Silas Walker, Deseret News
FILE - A police car at the location of a death in Kearns on Monday, March 18, 2019.

KEARNS — Criminal charges were filed Wednesday against a 15-year-old boy accused of fatally shooting his stepbrother with a shotgun.

The boy is charged in 3rd District Juvenile Court with manslaughter, a second-degree felony, and obstructing justice, a third-degree felony. During a hearing in juvenile court Thursday, he entered a denial to both charges.

Police were called to 5007 W. 5400 South, on a report of a possible accidental shooting on March 18. Jerrad Jacobsen, 16, was found dead in a bedroom with what investigators initially believed was a self-inflicted shotgun blast. Unified police observed a large wound on the top of Jerrad's head that appeared to be an exit wound, according to charging documents.

When detectives interviewed the 15-year-old stepbrother who was in the room with Jerrad at the time of the shooting, he told them "that he had turned away from (Jerrad) and could not see what (Jerrad) was doing. (He) stated that he heard the gun go off and then saw (Jerrad) on the floor," the charges state.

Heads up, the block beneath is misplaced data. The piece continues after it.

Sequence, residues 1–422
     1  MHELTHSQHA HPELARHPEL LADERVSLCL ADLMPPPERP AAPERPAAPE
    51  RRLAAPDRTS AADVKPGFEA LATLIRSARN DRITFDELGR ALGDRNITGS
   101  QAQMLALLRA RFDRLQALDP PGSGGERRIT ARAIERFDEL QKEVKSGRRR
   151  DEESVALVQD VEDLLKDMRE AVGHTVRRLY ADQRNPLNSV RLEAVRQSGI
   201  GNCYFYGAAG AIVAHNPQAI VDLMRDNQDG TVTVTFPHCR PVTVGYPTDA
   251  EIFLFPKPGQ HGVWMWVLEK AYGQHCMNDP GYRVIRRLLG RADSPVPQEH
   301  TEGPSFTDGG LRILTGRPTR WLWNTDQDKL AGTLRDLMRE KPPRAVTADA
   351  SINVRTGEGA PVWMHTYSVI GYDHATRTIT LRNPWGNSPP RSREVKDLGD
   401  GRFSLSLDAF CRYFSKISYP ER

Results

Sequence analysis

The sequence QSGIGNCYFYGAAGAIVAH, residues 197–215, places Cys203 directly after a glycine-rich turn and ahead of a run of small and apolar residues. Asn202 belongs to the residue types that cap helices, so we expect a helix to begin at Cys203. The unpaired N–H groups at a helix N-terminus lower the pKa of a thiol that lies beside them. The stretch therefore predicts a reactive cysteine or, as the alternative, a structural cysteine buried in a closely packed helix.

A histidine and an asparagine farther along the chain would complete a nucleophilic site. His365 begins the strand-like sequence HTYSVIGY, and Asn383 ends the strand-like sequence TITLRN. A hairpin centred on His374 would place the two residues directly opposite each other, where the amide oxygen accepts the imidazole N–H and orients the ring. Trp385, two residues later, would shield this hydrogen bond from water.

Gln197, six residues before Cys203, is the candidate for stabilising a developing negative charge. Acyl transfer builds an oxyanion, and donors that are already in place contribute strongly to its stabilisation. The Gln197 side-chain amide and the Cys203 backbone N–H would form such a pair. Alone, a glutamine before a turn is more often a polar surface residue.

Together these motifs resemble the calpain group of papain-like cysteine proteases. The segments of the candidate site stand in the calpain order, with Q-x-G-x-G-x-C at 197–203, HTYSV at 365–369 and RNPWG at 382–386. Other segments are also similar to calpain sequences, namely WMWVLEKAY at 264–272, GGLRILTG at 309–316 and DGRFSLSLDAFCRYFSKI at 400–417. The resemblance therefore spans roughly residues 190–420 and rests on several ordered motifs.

But when examined by the Utah State Medical Examiner's Office, it was determined that "the wound on the top left side of (Jerrad's) head, previously theorized to be an exit wound, appeared to be an entrance wound and that (he) may have been shot at a downward angle," charging documents say.

On March 20, police interviewed the 15-year-old again, who this time said he and Jerrad were hanging out in Jerrad's bedroom before school.

"(He) grabbed the gun, pointed it at (Jerrad) and pulled the trigger. (He) stated that he thought the shotgun was unloaded, but the gun went off and (Jerrad) fell over," the charges state.

The case was filed in Tooele County because the teen's closest legal guardian lives there, according to police. The Deseret News has opted to not name the 15-year-old at this time.

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Jerrad's mother, Theresa Hinkle, expressed her anger Thursday that the teen wasn't charged with murder.

"I go to bed crying every night I just miss my baby," she told the Deseret News.

"Like a snake he shot my son in the back of the head. That's not an accident," Hinkle said.

In regards to the boy telling police he believed the gun was unloaded at the time, Hinkle said, "Of course he's going to say that. If I murdered somebody and was trying to clean it up and wanting to get away with it I'm going to say the same thing."

Contributing: Dan Rascon